Monday, 17 November 2014

Insulation of rear doors

For staying in the car while it is not moving, it is essential to put in a good insulation everywhere. I had begun to put alu-air-bubble foil on the inside of the ceiling, and I did purchase a 5x10m roll of VelTrim (silver). Now I wanted to try out the VelTrim. The first object of my lining attempts were the read doors. First I put a layer of the alu bubble foil, to create an insulating layer. Then on top of that, I affixed a layer of VelTrim. It is a thick material, 500g per square meter, and is not easy to mold. So I had to resort to cutting and stitching around those edges of the doors and the rear windows.

The right door closes now a bit harder, needs to be pushed with force during the closing; the added padding appears to add some resistance somewhere where it bulges up too thickly for a smooth closing.

Wednesday, 12 November 2014

Fridge repair - by WRS Refrigeration Services Leeds

Already on Saturday afternoon I did call around to fridge services which I found through a web search. There was one guy who was listed as fixing fridges in Leeds, but who was actually in York. There also was a nationwide service with a local office, but they were closed.

So on Monday morning I searched for more and found some repair services. One would only do large commercial refrigeration systems, another could only do this next week. I did leave a message for another service engineer, but he never called back. I also left an email for that nation-wide service. Their phone number only went to a call centre, and my call was somewhere in a queue, so I gave up on that.

Then I found WRS Refrigeration Services. David was on the phone, and he competently described what would need to be done. So I arranged for a repair for Wednesday morning. He would come with his van and equipment and would repair the fridge right there.

He and his colleague came then today in the morning. The weather was miserable, it was raining, and I had just installed the electric 240V connector so that I could have electricity in the camper, to power an electric space heater, and to be able to connect equipment for the repair.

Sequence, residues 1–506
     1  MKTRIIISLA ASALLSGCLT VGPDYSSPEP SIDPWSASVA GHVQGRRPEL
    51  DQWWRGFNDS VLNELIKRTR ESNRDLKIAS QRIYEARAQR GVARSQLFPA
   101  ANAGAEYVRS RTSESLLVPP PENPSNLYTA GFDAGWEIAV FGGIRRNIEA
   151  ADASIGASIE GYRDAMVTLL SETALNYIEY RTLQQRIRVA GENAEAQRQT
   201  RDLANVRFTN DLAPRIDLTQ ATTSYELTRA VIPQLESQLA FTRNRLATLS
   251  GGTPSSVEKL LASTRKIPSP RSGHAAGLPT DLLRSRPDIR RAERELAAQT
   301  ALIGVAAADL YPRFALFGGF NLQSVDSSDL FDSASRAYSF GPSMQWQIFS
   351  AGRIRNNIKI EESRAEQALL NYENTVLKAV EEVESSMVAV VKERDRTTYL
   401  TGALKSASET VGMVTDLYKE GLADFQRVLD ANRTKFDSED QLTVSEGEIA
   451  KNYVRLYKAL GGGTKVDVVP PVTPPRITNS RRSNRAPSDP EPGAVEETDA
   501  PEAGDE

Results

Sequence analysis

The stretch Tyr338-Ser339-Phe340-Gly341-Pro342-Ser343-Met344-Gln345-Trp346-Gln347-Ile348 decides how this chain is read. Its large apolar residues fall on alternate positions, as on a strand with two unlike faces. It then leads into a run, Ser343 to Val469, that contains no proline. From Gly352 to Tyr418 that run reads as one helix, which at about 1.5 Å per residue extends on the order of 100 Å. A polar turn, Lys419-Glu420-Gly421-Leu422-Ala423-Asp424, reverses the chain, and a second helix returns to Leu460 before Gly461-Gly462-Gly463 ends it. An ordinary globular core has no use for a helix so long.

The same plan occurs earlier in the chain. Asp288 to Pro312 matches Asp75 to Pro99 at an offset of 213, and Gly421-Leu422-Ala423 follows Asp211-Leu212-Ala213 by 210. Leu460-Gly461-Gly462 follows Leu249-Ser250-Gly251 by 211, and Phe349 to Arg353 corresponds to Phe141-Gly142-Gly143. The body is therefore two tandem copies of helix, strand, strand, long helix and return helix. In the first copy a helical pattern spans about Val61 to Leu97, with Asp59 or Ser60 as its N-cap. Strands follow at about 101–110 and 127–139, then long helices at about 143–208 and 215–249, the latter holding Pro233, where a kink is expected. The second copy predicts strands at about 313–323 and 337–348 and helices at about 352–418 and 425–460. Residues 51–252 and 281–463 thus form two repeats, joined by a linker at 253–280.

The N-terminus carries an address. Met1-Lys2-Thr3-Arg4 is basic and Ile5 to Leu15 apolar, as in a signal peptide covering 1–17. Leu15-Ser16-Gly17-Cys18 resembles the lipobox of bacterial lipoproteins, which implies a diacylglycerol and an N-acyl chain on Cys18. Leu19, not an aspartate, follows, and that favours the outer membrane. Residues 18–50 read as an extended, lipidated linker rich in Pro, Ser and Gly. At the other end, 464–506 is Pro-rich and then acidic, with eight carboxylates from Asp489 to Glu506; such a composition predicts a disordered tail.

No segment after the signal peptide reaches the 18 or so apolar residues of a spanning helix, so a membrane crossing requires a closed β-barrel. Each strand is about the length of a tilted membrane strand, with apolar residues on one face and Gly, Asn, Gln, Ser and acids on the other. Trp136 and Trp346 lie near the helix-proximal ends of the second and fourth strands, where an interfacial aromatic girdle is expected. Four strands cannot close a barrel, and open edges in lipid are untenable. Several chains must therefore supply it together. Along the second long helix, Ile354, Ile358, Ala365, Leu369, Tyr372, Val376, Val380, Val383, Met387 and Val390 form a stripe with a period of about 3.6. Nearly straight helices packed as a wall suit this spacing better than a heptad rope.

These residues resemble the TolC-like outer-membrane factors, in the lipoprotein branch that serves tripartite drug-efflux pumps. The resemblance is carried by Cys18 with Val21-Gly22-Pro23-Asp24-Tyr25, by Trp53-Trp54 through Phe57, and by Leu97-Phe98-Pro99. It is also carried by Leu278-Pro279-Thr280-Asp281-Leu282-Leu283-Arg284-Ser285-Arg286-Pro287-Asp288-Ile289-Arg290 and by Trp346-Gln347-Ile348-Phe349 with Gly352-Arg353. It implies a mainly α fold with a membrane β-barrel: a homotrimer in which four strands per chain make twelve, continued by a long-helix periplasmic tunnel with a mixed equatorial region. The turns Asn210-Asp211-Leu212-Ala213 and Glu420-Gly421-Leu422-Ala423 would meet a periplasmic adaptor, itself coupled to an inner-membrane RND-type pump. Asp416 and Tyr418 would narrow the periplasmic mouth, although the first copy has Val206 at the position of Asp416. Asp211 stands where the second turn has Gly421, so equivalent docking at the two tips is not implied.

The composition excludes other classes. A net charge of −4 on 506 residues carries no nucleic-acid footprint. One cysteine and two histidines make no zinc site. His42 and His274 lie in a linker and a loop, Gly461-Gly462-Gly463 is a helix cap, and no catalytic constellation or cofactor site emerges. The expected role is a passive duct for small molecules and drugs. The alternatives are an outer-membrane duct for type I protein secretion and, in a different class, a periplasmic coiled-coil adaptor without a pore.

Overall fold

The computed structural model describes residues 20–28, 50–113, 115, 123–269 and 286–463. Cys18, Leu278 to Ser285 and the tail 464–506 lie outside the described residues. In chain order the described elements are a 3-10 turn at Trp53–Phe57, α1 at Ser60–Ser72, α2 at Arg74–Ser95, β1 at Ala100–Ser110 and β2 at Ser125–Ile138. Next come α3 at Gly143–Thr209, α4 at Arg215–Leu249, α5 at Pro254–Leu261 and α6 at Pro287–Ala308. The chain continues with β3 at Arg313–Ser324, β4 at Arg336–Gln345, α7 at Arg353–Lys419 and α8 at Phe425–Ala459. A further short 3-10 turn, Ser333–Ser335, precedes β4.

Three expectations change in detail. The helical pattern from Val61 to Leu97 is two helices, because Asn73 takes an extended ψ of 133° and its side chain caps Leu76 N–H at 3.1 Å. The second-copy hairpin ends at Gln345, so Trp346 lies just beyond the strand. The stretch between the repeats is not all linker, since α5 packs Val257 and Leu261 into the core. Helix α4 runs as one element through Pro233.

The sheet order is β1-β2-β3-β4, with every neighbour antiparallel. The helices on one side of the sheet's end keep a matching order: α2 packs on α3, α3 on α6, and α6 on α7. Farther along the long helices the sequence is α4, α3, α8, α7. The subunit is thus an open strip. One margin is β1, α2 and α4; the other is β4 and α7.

Basically what needed to be done was: repair the broken pipe, install a service valve / port, evacuate the system, and then refill it with the coolant R134a. In order to do this, they actually had to cut the steel pipe of that condensor grid which enclosed the whole compressor unit, to get better access to the other pipes. The team of two removed two of the original pipe connections from the compressor by using a solder gun. I was a bit worried to have that naked hot flame from the torch in the car with its flammable seats and plastic moldings, but David was careful in using that torch. The connections were newly soldered, and a more smoothly bent piece of copper pipe was used instead of that original damaged part. The new service port now allows refilling the system, in case it would leak.

The whole work took 1 1/2 hours. I was very impressed with their work, and I was so glad to see the refrigerator working again after they completed all the soldering and refilling. There is a 12 month warranty on this repair, but it looks like all the pipes are tightly sealed, and this fridge will now be working fine from now on.

I am very grateful for the professional work that WRS Refrigeration Services have done with that repair, and I can wholeheartedly recommend them for any similar repair, if such one is needed!

Saturday, 8 November 2014

The fridge is broken!

For a while the refrigerator was standing in the rear of the vehicle, kept in place by bungee cords in order to avoid it falling over when driving. I had removed the compressor unit from the rear, which is one of the specific features of this Waeco CRP-40 refrigerator. It sat there stable, with the compressor / evaporator cage sitting next to it and attached to the vehicle wall so it would not move.